Now, despite being long in the tooth, the 2020 Sienna still provides plenty of distinctive elements that keep it relevant. Its second-row seat slides further than most, providing exceptional comfort for adults and teenagers. Its unique all-wheel drive option. Its SE trim level that is arguably the most engaging minivan to drive. In other words, don't write it off completely, but make sure to shop around.

What's new with Sienna for 2020?

The SE and SE Premium trim levels can now be equipped with the Nightshade Edition package ($700), pictured above. Following an industry trend, it replaces all the exterior bright work with black trim. It's undeniably the coolest-looking Sienna.

2018 Honda Ridgeline Longterm Review | Gone But Not Forgotten

2018 Honda Ridgeline Longterm Review | Gone but not forgotten

Nothing else we do here at Autoblog is quite like our longterm reviews. That's why we always try to keep a few vehicles in our longterm garage at any one time. These vehicles stay with us for anywhere from 12 weeks to 12 months and become our workhorses, shuttling and moving people, pets, groceries, gardening supplies, sports equipment, furniture and just about anything else you can imagine. We get to use, drive and maintain them like an actual owner would, giving us a good look at things we may not pick up on in some of our other reviews. Few, if any, of our longtermers have been as versatile as our recently-departed 2018 Honda Ridgeline RTL-E. In fact, we were so in love with the truck that we twice asked Honda to extend the loan.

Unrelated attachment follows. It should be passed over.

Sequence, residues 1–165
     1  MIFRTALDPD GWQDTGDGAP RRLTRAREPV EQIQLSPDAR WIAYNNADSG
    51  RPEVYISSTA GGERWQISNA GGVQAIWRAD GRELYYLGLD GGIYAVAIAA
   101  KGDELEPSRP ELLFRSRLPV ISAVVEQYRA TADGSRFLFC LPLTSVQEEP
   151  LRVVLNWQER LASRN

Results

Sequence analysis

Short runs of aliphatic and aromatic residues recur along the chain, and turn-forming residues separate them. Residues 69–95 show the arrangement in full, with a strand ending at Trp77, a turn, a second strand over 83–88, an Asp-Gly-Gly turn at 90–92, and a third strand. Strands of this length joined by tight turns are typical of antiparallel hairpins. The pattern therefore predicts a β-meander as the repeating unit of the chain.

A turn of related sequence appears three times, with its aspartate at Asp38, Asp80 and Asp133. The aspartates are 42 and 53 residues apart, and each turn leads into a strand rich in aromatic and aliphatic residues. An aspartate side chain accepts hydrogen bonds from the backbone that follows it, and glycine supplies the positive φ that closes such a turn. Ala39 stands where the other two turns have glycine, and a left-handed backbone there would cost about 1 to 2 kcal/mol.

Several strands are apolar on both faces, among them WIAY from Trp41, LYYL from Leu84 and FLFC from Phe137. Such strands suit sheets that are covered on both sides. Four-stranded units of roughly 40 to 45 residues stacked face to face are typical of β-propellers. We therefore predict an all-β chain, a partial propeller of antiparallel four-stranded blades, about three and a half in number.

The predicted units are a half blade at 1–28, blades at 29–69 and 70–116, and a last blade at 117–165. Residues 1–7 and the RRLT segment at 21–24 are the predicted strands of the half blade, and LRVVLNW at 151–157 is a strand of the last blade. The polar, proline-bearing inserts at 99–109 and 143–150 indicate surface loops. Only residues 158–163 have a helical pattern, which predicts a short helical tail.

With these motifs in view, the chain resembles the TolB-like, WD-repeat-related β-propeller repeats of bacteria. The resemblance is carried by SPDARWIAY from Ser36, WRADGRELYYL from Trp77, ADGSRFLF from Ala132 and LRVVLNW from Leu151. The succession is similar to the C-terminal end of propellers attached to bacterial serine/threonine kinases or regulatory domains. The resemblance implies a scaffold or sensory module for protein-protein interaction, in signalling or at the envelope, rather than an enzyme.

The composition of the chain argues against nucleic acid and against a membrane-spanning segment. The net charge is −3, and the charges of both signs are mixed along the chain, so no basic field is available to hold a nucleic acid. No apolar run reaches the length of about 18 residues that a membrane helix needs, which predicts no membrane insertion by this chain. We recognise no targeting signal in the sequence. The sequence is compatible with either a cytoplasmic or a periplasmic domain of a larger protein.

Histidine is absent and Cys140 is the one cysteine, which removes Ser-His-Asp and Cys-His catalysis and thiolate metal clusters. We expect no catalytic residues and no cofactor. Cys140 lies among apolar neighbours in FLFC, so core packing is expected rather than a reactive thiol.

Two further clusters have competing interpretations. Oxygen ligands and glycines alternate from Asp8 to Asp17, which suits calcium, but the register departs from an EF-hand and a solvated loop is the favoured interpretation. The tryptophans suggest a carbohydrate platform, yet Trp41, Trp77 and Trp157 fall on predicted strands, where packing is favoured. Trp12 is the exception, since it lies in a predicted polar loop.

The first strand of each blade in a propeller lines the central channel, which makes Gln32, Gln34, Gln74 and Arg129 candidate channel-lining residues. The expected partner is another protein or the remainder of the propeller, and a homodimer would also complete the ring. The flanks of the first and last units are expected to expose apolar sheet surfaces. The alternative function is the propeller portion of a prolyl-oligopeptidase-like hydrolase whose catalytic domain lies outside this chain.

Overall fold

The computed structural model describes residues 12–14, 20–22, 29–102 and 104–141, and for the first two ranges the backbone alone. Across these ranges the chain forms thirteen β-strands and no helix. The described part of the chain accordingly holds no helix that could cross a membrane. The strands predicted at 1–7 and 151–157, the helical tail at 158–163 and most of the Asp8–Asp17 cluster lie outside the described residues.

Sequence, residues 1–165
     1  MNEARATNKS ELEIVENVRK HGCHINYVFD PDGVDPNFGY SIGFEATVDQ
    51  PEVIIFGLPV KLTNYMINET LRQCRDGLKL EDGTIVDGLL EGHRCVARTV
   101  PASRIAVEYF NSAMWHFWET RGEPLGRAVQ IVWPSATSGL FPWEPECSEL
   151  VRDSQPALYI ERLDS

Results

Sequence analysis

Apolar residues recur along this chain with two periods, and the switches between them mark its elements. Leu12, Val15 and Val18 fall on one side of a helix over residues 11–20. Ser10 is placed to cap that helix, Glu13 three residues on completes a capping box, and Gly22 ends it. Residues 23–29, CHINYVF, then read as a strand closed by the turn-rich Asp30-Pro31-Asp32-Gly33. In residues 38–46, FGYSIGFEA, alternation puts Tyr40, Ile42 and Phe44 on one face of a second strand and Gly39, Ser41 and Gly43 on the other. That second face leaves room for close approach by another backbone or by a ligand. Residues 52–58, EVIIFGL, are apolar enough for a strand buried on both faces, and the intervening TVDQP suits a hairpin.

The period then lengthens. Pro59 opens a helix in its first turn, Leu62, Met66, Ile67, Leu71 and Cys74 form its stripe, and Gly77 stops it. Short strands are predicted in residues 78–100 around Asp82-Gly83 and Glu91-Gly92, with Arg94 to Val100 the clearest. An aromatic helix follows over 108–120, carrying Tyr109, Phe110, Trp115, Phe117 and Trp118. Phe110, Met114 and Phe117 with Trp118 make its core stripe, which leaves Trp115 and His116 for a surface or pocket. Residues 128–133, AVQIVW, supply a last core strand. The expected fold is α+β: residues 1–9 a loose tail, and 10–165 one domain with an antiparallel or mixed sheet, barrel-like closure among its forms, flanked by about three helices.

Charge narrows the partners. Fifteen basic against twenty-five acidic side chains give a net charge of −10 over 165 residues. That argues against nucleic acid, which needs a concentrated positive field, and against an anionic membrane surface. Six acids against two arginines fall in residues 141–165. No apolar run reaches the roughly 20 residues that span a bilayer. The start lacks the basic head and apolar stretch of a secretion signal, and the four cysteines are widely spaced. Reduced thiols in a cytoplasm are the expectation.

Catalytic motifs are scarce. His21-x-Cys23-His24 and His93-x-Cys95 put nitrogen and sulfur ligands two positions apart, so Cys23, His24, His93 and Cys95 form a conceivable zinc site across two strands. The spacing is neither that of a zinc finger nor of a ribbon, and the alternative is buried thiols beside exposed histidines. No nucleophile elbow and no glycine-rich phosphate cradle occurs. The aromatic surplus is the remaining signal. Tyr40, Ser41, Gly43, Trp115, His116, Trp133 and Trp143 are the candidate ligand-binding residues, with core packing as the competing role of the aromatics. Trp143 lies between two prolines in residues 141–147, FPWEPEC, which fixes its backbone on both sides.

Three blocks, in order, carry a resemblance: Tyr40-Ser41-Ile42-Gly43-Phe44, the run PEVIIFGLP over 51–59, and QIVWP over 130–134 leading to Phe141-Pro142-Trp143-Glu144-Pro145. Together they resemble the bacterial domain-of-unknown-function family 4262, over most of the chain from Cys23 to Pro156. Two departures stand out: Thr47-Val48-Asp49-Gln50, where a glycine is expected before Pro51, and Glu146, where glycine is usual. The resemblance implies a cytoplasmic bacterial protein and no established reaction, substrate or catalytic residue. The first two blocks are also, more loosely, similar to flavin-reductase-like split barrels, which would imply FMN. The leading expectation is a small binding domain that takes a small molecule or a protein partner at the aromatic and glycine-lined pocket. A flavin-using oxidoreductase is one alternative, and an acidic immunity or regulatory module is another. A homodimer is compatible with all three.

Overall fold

The second-gen Honda Ridgeline debuted in 2017. It's still an oddball (a unibody truck based on the Honda Pilot and Passport with features like a trunk and a tailgate that articulates in two places) in a field of traditionalists like the Toyota Tacoma, Chevy Colorado and Ford Ranger, but that's what's so compelling about it. It's not trying to be like those other trucks. For better or worse, it's an alternative take on a conservative segment. For many people, it's the truck you actually need, not the one you want, even if that means it's occasionally a bit boring. Read our thoughts below. It's not perfect and it's not cool, but know that one of us on staff enjoyed the truck so much that he's looked at purchasing one for his family.

2019 Toyota 4runner Review And Buying Guide | More Lovable Than Ever

2019 Toyota 4Runner Review and Buying Guide | More lovable than ever